My aroma therapy? Smoke Pellets.

 





Follow up the best source I found with the best quality for a reasonable amount of money was Amazon.You can get Simpson meters but they are $ 100.00 per. I will report back on my progress.Thanks everybody. Nick

                                                                                                                             

Rockstars and Dewey are late night workers! Based on that error, the meter must be set up to work with the current transformer as Adriatic mentions.  My guess is that the wire that ran through the CT was maybe going to a large motor at 460 volts or higher for example and obviously we don't want that in a control panel with meters so they used the current transformer.  for the cheap price of these panel meters on ebay, my guess is you may not want to use this set up considering the extra space and wiring it will need.

Here is a picture of my districts and I also used two of these for my dedicated accessory circuits.  You can also see I added a fuse to begin each one. Here is the meter I bought on ebay for under $5. Whoops, that was 15 amps, here is the 10 amp full scale one.  

 

PS- the one you found  should work too.  

100_5858100_5860

Hokie 71

Chief of Operations, Free Union, Blacksburg, and Albemarle Railroad (FUBAR)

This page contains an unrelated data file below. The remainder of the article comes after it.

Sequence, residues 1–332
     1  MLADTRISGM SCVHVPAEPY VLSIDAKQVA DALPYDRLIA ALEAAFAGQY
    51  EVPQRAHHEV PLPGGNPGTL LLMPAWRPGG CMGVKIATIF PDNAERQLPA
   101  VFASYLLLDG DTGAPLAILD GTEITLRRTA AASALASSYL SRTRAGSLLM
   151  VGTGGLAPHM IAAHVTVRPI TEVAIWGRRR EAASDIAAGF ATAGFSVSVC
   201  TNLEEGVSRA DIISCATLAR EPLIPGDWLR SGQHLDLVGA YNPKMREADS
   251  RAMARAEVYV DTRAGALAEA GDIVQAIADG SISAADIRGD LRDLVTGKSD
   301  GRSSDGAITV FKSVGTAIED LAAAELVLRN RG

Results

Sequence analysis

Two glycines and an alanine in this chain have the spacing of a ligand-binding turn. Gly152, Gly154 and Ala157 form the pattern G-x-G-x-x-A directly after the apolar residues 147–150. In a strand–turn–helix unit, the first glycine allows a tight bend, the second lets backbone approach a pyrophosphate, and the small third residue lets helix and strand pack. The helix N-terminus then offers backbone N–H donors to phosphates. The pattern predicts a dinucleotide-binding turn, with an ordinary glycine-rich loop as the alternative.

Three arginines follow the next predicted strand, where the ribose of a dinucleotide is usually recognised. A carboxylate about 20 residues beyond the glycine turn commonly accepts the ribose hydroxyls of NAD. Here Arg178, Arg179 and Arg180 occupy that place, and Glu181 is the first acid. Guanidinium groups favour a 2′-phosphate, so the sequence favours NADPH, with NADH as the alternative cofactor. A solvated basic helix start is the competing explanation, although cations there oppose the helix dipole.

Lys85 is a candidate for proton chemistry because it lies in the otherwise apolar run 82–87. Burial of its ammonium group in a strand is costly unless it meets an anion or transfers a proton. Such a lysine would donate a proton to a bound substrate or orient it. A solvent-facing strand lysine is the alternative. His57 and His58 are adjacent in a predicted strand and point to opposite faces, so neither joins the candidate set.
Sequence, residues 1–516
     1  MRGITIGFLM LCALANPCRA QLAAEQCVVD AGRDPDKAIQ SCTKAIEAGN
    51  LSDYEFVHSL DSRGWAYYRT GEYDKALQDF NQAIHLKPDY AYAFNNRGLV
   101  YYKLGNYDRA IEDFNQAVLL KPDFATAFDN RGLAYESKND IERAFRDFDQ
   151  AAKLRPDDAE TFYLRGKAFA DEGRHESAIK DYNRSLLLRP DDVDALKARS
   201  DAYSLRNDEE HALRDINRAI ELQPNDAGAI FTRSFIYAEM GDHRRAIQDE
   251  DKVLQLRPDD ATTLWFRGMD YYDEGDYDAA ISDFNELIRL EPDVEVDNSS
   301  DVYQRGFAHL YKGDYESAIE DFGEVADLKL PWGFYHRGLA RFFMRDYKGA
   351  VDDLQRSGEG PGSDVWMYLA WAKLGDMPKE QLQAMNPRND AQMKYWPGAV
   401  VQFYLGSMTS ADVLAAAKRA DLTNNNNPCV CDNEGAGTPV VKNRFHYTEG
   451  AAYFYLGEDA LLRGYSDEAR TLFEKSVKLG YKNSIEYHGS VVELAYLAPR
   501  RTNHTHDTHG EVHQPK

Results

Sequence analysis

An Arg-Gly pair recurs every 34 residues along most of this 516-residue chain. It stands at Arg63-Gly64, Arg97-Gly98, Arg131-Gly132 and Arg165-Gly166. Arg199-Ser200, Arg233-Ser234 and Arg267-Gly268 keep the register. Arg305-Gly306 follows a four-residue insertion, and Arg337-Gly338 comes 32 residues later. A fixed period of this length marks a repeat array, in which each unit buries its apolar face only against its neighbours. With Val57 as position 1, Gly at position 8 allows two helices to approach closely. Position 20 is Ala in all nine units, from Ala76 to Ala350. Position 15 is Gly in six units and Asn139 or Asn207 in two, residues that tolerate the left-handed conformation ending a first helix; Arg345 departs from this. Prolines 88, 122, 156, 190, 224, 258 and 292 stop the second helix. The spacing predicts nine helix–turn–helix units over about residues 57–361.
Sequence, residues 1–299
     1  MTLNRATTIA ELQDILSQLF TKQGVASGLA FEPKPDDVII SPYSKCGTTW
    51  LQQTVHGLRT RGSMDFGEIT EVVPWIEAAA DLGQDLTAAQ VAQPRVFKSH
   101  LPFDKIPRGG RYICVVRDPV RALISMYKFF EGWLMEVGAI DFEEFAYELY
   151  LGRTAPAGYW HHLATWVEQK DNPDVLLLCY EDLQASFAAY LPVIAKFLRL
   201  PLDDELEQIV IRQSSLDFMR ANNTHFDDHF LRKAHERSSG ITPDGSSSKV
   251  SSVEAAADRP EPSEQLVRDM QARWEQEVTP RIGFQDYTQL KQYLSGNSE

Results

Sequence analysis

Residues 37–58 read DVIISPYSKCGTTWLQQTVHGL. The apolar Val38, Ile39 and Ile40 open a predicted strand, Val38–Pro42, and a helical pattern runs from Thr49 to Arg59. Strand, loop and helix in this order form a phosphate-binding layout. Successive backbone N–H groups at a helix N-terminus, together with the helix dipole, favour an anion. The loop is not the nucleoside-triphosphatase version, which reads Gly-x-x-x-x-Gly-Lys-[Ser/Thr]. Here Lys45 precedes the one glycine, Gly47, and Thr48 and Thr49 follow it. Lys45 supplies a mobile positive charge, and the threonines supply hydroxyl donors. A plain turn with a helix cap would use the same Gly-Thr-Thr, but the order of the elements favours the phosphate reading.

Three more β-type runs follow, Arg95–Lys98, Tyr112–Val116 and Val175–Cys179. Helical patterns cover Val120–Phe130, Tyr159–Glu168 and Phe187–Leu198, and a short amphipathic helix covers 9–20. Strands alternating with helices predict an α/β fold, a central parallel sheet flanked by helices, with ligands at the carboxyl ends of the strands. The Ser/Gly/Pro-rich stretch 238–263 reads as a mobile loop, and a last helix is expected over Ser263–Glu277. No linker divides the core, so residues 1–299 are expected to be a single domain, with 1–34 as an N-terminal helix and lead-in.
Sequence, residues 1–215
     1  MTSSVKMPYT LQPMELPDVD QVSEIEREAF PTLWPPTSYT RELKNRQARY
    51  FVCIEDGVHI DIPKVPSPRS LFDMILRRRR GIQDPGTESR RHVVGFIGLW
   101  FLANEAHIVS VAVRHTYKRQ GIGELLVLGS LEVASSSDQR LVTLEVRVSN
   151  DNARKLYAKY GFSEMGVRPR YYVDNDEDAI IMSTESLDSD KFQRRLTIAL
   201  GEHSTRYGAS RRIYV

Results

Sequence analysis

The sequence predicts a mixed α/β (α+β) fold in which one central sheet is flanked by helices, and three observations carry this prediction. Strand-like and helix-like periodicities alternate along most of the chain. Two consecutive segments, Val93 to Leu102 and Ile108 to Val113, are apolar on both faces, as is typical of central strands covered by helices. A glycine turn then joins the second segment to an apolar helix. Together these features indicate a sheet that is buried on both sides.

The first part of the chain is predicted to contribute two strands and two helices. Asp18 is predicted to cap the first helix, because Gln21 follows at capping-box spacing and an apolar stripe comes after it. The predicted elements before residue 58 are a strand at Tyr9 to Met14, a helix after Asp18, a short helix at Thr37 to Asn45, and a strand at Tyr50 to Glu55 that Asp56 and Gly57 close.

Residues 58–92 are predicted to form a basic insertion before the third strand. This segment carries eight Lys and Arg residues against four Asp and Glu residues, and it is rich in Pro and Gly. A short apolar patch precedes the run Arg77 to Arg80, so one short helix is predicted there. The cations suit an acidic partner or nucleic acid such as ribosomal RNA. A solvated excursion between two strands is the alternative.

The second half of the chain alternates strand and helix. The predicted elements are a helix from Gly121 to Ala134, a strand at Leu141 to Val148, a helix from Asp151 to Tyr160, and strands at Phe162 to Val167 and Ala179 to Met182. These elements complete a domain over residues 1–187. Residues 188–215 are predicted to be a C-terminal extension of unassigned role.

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hokie71 posted:

Rockstars and Dewey are late night workers! Based on that error, the meter must be set up to work with the current transformer as Adriatic mentions.  My guess is that the wire that ran through the CT was maybe going to a large motor at 460 volts or higher for example and obviously we don't want that in a control panel with meters so they used the current transformer.  for the cheap price of these panel meters on ebay, my guess is you may not want to use this set up considering the extra space and wiring it will need.

Here is a picture of my districts and I also used two of these for my dedicated accessory circuits.  You can also see I added a fuse to begin each one. Here is the meter I bought on ebay for under $5. Whoops, that was 15 amps, here is the 10 amp full scale one.  

 

PS- the one you found  should work too.  

100_5858100_5860

Very nice set up Yea Rockstars don't sleep! Nick

                                                                                                                             

Nick  I am pretty sure your problem is that you need to use the second component with the hole in the center like Adriatic mentioned.    The 2nd component, with the hole in the center,  is most likely an amprobe designed to be dedicated to the amp meter.... like your using on your hand  held meter.   The AC hot to the center rail of your power district just needs to run through the hole, and not be connected directly to the back of the AC Amp Meter....  There should be a lead from the sensor probe that you connect to the meter itself.   It's probably designed for higher voltage circuits that you wouldn't want running to the back of a panel....   20 Amps at 240vac, or 460 vac is alot more energy (power) than 20 amps at 18 vac.   

The amprobe should then be connected to the amp meter.  If you're getting a current signal that's higher than your amprobe, it's because you are running the AC hot track power directly through the meter.    I don't think you need to buy anything else, just try hooking up what you have without running the AC track power through the meter directly.